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I'm pretty sure it is fundamentally the same vehicle. This aligns with the current "One Ford" strategy (having the same vehicles offered globally, instead of different vehicles in different parts of the world as was past Ford practice).

Sadly for us 'mericans, we won't be getting the front-wheel drive and all-wheel-drive options with the Transit. I assume that Ford thinks that we have a prejudice against front-wheel-drive, thinking that only rear-wheel-drive is robust enough for a truck.

If you look closely at the rear of the North American Transit (rear-wheel-drive) with the doors open, you can see that the floor is raised relative to where the door theshold is. I assume that in the European front-wheel-drive version, the floor is lower (and is even with the rear door threshold), for the same reason that the ProMaster claims to have the lowest floor (no driveshaft, no differential, etc).

Having a low floor is a big benefit to me, so I'm sold on the ProMaster.
 

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The link above is very intersting. If we look at the "all new Transit" section, it shows pictures of the same van we will be getting in the US plus a write up that states the following:



Choose the right size for your business
The all-new Transit will be available in a variety of bodystyles: Van and Double Cab-in-Van (all with increased load length and loadspace and optional high roof) plus Chassis Cab, Double Cab and Bus variants. With a choice of Front Wheel Drive, Rear Wheel Drive and All Wheel Drive, up to five different body lengths and Gross Vehicle Mass options ranging from 2,900 kgs to 4,700 kgs, you’re sure to find a vehicle that measures up perfectly.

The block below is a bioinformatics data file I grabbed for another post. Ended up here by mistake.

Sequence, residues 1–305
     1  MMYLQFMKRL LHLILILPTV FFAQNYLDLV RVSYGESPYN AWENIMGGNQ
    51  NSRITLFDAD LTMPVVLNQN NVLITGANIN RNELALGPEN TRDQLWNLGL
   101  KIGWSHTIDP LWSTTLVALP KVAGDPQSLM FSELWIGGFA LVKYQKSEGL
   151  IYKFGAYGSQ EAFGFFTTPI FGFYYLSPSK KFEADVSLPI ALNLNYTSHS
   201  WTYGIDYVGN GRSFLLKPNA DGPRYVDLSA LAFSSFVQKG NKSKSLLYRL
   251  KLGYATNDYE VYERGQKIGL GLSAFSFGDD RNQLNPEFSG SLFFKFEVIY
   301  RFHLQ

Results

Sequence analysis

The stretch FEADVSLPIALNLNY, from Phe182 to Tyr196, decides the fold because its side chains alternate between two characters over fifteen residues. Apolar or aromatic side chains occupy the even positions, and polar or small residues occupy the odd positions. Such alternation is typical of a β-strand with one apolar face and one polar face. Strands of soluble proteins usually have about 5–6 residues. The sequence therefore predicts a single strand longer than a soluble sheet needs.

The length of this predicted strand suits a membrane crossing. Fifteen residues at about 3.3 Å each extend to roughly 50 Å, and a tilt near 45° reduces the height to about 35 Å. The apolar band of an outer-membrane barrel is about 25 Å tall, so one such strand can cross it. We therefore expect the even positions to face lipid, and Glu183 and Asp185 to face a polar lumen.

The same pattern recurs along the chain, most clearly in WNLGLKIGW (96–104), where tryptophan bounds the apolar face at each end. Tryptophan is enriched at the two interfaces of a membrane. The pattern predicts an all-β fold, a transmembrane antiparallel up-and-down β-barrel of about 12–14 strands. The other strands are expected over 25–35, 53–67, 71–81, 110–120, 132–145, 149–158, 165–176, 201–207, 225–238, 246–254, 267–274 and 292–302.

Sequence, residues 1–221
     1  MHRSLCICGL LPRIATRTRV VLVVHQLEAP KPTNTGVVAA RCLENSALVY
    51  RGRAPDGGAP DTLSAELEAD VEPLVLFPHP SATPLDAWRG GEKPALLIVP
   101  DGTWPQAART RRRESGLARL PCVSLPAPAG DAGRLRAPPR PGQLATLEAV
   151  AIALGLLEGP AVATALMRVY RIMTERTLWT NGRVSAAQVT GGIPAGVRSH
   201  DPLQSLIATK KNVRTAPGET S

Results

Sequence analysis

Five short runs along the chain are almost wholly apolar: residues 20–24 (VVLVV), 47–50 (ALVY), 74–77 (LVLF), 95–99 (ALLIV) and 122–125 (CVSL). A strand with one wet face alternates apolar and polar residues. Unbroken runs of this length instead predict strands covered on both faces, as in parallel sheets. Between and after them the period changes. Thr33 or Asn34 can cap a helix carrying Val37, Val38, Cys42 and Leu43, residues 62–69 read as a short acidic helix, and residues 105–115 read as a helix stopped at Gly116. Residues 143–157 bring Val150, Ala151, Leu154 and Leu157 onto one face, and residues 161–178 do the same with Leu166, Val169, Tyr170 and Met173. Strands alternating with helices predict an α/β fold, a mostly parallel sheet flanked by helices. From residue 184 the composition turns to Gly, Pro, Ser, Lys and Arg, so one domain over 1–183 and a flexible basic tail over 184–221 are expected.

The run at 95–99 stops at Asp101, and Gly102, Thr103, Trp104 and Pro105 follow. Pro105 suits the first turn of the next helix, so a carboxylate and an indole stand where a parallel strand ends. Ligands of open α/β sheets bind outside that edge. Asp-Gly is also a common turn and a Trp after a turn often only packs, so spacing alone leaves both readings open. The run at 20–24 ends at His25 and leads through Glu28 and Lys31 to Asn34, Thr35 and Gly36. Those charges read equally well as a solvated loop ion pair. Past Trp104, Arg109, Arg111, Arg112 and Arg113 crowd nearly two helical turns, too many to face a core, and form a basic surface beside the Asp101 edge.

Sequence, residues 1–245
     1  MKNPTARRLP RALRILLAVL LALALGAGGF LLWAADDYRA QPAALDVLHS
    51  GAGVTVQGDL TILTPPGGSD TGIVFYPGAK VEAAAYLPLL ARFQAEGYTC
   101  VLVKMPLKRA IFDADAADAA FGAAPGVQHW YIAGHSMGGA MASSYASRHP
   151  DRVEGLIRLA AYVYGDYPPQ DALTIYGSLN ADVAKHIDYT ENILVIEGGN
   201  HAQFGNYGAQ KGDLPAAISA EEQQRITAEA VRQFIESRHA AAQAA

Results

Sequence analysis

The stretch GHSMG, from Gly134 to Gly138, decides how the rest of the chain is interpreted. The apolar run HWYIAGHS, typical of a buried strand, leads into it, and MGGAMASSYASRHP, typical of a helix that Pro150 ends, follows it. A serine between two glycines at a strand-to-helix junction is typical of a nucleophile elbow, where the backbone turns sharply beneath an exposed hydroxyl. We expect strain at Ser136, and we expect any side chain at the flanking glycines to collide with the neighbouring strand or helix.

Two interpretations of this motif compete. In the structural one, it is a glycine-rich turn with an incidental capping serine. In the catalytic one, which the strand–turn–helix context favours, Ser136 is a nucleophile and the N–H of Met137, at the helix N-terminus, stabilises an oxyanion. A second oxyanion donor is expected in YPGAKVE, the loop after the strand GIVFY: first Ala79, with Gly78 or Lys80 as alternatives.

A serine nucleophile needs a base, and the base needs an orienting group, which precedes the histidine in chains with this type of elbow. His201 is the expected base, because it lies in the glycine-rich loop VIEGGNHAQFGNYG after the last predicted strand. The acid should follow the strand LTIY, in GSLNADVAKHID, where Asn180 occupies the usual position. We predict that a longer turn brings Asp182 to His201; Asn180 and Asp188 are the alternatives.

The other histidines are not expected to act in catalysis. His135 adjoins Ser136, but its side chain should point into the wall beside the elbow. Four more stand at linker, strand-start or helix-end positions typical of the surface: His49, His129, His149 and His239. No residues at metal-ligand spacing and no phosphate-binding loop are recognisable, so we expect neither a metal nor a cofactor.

So unless they are being very liberal with their size-range description to include the smaller Transits too (like Transit Connect), it seems clear Ford plans to offer the new Transit in FWD and AWD in Europe. I expect that if the PM is very successful here Ford won't have an option but to offer at least the FWD here too.


By the way, the present full-size Transit in Europe that comes in both FWD and RWD have the floor dropped by exactly 10 CM, or just under 4 inches. The specs also show that the RWD vans are taller, so the load height at the rear doors is more like in the range of 16 to 18 CM higher, or roughly about 6 to 7 inches.
 

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I don't see why there is an aversion to FWD with these cargo vans. The added benefit of more cargo space because of the lower floor seems like a huge reason to embrace it. Sure it will affect how the van drives a bit, but it is still functional . It still does what you need it to do and now you have more space. Just doesn't make sense to me.
 

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So unless they are being very liberal with their size-range description to include the smaller Transits too (like Transit Connect), it seems clear Ford plans to offer the new Transit in FWD and AWD in Europe. I expect that if the PM is very successful here Ford won't have an option but to offer at least the FWD here too.